Baseball is America’s national pastime, but Mexico also has a long history with the sport.
In the mid-19th century, American soldiers in the Mexican-American War introduced Mexicans to the game in the various regions in which they were stationed.
This meshing of cultures was once strikingly evident on the U.S.-Mexico border.
“People talk about playing baseball where home plate was in the U.S. and outfield was in Mexico,” said Aaron Bobrow-Strain, professor of politics at Whitman College. “This might be an apocryphal story, but it captures the spirit of a life lived across the border. It’s a really functional, not scary, but dynamic, beautiful way of living.”
Back when the border was less strictly patrolled, Mexicans crossed one way to shop, work or visit family and friends, while American tourists crossed in the other direction to roam the curio shops. This lax border-crossing policy came to a halt in 1994, when then-President Bill Clinton established a “prevention through deterrence” security strategy that concentrated Border Patrol enforcement resources on major entry corridors.
Bobrow-Strain documents this new, stricter era on the U.S.-Mexico border in his latest book, “The Death and Life of Aida Hernandez” (Farrar, Straus and Ghiroux, 2019).
Bobrow-Strain first went to the U.S.-Mexico border in 1993, shortly after earning his master’s at Stanford University in California. Working for the binational organization BorderLinks, he guided groups from all over the United States that had come to the border to try to understand the impact of the North American Free Trade Agreement (NAFTA) and the new militarized immigration border control policy.
“It was a really formative time for me, personally, intellectually and politically, just being surrounded by this cross-border community of educators and activists,” he said. “Being drawn to the border, there’s a kind of creativity and resilience of life in the borderlands, a beauty that gets lost in the contemporary reporting about crises. That really reached out to me.”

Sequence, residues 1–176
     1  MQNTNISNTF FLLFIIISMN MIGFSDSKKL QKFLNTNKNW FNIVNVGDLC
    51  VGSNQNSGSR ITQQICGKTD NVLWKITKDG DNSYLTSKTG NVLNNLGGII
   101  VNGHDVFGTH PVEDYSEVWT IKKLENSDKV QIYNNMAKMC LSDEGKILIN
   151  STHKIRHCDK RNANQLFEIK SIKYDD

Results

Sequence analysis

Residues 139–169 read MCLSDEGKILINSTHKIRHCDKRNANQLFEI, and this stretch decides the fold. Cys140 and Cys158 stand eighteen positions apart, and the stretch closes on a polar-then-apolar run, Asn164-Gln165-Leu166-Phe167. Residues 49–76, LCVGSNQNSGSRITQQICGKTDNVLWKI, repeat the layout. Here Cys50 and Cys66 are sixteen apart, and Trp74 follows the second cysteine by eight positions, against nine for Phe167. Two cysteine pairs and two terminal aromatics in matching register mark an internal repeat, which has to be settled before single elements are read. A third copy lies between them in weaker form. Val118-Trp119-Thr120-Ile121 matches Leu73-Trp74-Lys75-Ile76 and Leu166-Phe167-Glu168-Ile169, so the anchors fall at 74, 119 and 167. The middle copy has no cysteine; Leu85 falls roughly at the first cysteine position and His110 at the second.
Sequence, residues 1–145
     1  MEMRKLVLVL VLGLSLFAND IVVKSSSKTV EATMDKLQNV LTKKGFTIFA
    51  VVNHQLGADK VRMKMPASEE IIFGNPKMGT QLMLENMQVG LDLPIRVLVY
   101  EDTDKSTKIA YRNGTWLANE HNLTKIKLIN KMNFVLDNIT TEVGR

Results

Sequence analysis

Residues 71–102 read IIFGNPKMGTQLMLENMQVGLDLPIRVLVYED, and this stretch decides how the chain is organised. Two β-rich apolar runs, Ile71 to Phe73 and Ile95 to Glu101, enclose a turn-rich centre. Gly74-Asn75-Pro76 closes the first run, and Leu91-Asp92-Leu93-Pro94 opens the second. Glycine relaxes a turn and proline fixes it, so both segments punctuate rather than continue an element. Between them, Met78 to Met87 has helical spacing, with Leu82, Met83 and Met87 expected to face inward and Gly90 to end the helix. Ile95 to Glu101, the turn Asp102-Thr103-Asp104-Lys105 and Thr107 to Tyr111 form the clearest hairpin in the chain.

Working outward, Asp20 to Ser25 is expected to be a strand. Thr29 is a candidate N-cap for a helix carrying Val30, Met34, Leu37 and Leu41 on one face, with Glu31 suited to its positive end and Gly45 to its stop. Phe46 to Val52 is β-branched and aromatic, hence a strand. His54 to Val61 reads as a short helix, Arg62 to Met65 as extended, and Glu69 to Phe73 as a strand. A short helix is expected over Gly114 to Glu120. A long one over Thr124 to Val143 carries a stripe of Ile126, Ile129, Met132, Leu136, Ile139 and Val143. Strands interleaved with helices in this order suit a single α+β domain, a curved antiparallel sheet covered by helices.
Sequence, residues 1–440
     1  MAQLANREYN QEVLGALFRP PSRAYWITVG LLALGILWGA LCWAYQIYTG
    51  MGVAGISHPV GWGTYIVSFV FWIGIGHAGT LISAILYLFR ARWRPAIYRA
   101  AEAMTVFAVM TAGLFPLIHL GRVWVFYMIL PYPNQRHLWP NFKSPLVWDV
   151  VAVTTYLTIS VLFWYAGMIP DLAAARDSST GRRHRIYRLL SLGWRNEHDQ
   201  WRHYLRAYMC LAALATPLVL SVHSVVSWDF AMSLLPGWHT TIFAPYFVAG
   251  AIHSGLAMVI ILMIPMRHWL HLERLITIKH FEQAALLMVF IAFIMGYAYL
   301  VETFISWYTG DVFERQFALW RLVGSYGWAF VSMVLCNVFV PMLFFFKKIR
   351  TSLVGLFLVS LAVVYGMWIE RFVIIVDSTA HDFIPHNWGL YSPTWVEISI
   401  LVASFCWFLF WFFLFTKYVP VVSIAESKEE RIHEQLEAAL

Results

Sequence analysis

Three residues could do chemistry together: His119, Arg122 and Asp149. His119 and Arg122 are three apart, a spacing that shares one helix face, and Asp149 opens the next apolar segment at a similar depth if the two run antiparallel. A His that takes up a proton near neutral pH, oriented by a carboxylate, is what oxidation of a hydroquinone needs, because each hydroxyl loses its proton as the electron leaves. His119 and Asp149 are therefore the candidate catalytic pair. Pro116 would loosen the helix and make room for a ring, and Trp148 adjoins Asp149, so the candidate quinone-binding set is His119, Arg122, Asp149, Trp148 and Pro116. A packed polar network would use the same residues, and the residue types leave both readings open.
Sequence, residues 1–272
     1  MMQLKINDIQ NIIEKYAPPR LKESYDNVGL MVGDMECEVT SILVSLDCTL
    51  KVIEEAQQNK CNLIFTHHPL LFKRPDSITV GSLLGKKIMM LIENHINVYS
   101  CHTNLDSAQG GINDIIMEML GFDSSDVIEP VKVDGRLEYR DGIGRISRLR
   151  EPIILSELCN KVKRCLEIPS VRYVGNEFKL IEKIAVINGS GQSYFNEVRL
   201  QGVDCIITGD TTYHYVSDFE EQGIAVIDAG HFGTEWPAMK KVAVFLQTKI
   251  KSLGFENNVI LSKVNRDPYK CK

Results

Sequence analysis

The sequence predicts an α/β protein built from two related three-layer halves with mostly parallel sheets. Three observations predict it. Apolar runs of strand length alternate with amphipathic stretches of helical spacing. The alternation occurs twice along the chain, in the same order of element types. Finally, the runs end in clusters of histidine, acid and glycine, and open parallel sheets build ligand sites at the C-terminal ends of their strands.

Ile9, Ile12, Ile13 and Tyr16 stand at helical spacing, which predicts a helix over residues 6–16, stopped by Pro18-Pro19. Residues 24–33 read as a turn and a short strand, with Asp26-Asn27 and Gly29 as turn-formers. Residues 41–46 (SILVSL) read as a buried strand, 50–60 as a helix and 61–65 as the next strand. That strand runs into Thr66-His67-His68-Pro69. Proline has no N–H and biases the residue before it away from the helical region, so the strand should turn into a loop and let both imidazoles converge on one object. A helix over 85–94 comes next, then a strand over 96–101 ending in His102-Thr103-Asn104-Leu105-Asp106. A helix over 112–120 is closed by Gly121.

Bobrow-Strain’s ties to Latin America run deep. After finishing his undergraduate degree at Macalester College in Saint Paul, Minnesota, he earned a master’s in Latin American studies at Stanford University and studied abroad in Ecuador doing social sciences fieldwork. He went to graduate school at the University of California, Berkeley, from 1997 to 2003, and did the research for his doctorate in human geography while living in Mexico City and Chiapas, Mexico. His first book, “Intimate Enemies: Landowners, Power, and Violence in Chiapas,” is based on the research he conducted during 16 months living in Chiapas. Over the years, he has spent time in Mexico with his family during sabbatical.
Since joining Whitman’s faculty in the fall of 2004, Bobrow-Strain has returned to the border several times, as an educator and researcher.
“I knew when I got to Whitman that the border would be an important part of my pedagogy,” he said.
In 2005, he led the first of several summer trips as part of the college’s U.S.-Mexico Border Program. He guides students during two weeks of intensive, academically rigorous experiential education aimed at exposing participants to a wide range of perspectives on key border issues. Days are packed with meetings on both sides of the Arizona-Sonora border with government officials, community organizers, immigrant rights activists, business owners, immigration attorneys and migrants themselves.
“Whether it’s economic globalization, inequality, racial nationalism — all of these things have been lived out on the border for a very long time,” he said. “By understanding the border, it also helps [students] understand their own home communities.”
In early 2014, the idea for “The Life and Death of Aida Hernandez” started to coalesce in Bobrow-Strain’s mind.
“The book started to percolate during those conversations with students and community members during the border trips,” he said. “It was the culmination of being able to talk with people from across the political spectrum — from U.S. Border Patrol agents to migrants to community organizers and business leaders — and then do that repeatedly over the years and see how the border was changing. The book really grew out of that.”
Some students who went on the border trip have assisted with research for the book.
“During the border trips we met many of the people who became important to the book. Some students went on to do thesis research. Students have always done thesis work as a result of the border program, but in specific as a result of the trips,” he said.